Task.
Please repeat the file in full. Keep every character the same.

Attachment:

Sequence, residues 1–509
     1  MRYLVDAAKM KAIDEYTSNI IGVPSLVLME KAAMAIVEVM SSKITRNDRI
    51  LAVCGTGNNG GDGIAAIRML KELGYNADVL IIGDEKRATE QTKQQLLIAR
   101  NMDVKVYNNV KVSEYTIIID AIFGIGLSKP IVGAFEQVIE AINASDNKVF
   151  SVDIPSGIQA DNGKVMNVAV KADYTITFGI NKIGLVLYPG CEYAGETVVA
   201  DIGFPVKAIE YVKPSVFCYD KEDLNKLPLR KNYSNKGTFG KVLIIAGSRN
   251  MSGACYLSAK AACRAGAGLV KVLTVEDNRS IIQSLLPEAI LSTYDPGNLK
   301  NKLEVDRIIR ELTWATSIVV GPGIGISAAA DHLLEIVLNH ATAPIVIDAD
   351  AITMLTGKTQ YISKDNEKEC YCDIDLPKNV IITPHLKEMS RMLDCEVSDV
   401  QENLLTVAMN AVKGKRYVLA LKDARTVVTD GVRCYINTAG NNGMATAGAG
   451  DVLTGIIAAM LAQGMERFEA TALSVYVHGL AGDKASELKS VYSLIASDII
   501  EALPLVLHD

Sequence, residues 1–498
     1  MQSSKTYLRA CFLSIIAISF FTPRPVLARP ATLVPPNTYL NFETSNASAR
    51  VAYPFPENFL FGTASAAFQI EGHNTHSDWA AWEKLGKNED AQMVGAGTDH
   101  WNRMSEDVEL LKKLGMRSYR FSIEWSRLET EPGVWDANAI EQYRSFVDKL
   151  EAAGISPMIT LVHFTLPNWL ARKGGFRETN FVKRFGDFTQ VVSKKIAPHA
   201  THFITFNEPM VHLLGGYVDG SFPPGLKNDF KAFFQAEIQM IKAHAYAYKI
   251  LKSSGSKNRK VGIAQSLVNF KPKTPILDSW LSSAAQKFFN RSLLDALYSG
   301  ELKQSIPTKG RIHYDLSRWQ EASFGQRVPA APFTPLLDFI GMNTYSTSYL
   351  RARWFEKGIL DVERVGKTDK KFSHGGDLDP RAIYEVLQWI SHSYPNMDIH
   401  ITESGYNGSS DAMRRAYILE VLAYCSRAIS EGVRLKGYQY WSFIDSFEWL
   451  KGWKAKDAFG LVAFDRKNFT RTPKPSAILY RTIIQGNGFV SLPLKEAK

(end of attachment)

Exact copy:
Sequence, residues 1–509
     1  MRYLVDAAKM KAIDEYTSNI IGVPSLVLME KAAMAIVEVM SSKITRNDRI
    51  LAVCGTGNNG GDGIAAIRML KELGYNADVL IIGDEKRATE QTKQQLLIAR
   101  NMDVKVYNNV KVSEYTIIID AIFGIGLSKP IVGAFEQVIE AINASDNKVF
   151  SVDIPSGIQA DNGKVMNVAV KADYTITFGI NKIGLVLYPG CEYAGETVVA
   201  DIGFPVKAIE YVKPSVFCYD KEDLNKLPLR KNYSNKGTFG KVLIIAGSRN
   251  MSGACYLSAK AACRAGAGLV KVLTVEDNRS IIQSLLPEAI LSTYDPGNLK
   301  NKLEVDRIIR ELTWATSIVV GPGIGISAAA DHLLEIVLNH ATAPIVIDAD
   351  AITMLTGKTQ YISKDNEKEC YCDIDLPKNV IITPHLKEMS RMLDCEVSDV
   401  QENLLTVAMN AVKGKRYVLA LKDARTVVTD GVRCYINTAG NNGMATAGAG
   451  DVLTGIIAAM LAQGMERFEA TALSVYVHGL AGDKASELKS VYSLIASDII
   501  EALPLVLHD

Sequence, residues 1–498
     1  MQSSKTYLRA CFLSIIAISF FTPRPVLARP ATLVPPNTYL NFETSNASAR
    51  VAYPFPENFL FGTASAAFQI EGHNTHSDWA AWEKLGKNED AQMVGAGTDH
   101  WNRMSEDVEL LKKLGMRSYR FSIEWSRLET EPGVWDANAI EQYRSFVDKL
   151  EAAGISPMIT LVHFTLPNWL ARKGGFRETN FVKRFGDFTQ VVSKKIAPHA
   201  THFITFNEPM VHLLGGYVDG SFPPGLKNDF KAFFQAEIQM IKAHAYAYKI
   251  LKSSGSKNRK VGIAQSLVNF KPKTPILDSW LSSAAQKFFN RSLLDALYSG
   301  ELKQSIPTKG RIHYDLSRWQ EASFGQRVPA APFTPLLDFI GMNTYSTSYL
   351  RARWFEKGIL DVERVGKTDK KFSHGGDLDP RAIYEVLQWI SHSYPNMDIH
   401  ITESGYNGSS DAMRRAYILE VLAYCSRAIS EGVRLKGYQY WSFIDSFEWL
   451  KGWKAKDAFG LVAFDRKNFT RTPKPSAILY RTIIQGNGFV SLPLKEAK